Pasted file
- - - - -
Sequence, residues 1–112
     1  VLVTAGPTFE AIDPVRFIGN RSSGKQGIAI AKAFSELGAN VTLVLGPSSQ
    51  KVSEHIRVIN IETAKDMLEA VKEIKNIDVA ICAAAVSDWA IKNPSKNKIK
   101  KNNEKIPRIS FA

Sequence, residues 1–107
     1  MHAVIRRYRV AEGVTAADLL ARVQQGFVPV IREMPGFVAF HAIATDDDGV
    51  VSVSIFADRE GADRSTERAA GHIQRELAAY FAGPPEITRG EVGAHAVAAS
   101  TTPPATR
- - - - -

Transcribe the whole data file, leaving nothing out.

Sequence, residues 1–112
     1  VLVTAGPTFE AIDPVRFIGN RSSGKQGIAI AKAFSELGAN VTLVLGPSSQ
    51  KVSEHIRVIN IETAKDMLEA VKEIKNIDVA ICAAAVSDWA IKNPSKNKIK
   101  KNNEKIPRIS FA

Sequence, residues 1–107
     1  MHAVIRRYRV AEGVTAADLL ARVQQGFVPV IREMPGFVAF HAIATDDDGV
    51  VSVSIFADRE GADRSTERAA GHIQRELAAY FAGPPEITRG EVGAHAVAAS
   101  TTPPATR